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Document Max. Freq Min. Freq
Frederick H. Dyer, Compendium of the War of the Rebellion: Regimental Histories 171 1 Browse Search
Alfred Roman, The military operations of General Beauregard in the war between the states, 1861 to 1865 163 47 Browse Search
Comte de Paris, History of the Civil War in America. Vol. 1. (ed. Henry Coppee , LL.D.) 97 3 Browse Search
John G. Nicolay, A Short Life of Abraham Lincoln, condensed from Nicolay and Hayes' Abraham Lincoln: A History 97 7 Browse Search
Southern Historical Society Papers, Volume 35. (ed. Reverend J. William Jones) 42 6 Browse Search
Edward Alfred Pollard, The lost cause; a new Southern history of the War of the Confederates ... Drawn from official sources and approved by the most distinguished Confederate leaders. 40 6 Browse Search
William A. Crafts, Life of Ulysses S. Grant: His Boyhood, Campaigns, and Services, Military and Civil. 37 1 Browse Search
The Annals of the Civil War Written by Leading Participants North and South (ed. Alexander Kelly McClure) 33 5 Browse Search
The Photographic History of The Civil War: in ten volumes, Thousands of Scenes Photographed 1861-65, with Text by many Special Authorities, Volume 2: Two Years of Grim War. (ed. Francis Trevelyan Miller) 32 2 Browse Search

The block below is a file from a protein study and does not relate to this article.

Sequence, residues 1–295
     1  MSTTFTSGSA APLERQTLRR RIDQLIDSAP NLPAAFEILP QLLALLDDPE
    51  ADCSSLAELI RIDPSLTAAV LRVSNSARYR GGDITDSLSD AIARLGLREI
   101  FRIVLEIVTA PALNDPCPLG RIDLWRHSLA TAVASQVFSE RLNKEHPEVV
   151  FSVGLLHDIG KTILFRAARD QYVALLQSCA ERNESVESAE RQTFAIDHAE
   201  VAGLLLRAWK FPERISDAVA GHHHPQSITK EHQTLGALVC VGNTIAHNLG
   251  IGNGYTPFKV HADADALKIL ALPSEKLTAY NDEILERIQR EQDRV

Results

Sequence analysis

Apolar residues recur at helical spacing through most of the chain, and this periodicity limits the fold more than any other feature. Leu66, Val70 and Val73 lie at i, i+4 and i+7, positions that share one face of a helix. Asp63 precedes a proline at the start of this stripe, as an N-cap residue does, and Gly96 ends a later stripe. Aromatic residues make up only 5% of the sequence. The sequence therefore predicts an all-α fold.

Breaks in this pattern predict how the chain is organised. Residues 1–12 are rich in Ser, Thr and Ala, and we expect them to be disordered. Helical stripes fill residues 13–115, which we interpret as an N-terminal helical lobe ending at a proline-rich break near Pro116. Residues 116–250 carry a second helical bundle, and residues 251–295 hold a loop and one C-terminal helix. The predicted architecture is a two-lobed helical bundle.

Rebellion Record: a Diary of American Events, Diary from December 17, 1860 - April 30, 1864 (ed. Frank Moore) 29 19 Browse Search
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Browsing named entities in The Daily Dispatch: October 6, 1864., [Electronic resource]. You can also browse the collection for Buell or search for Buell in all documents.

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of Lincoln's organs could urge that as an objection. As a soldier, we do not dispute his theoretical knowledge and his powers of organization. In the field, and in the handling of armies, he is not the first general in the Federal service. General Buell, who has been compelled to leave that service because he is a gentleman, can show a much brighter military record than McClellan. There never was a more disastrous failure, unless that of Grant be an exception, than the "Young Napoleony of character. He has been besetting the public ear with querulous complaints of the manner in which he has been treated, and abjectly stooping to seek active employment of the hands which had ignominiously discarded him. What a contrast to General Buell, who resigned and left the Federal service, telling them to their teeth that their mode of warfare was a disgrace to civilization, and would end in the destruction of liberty, and that he would have nothing to do with it! It is evident that,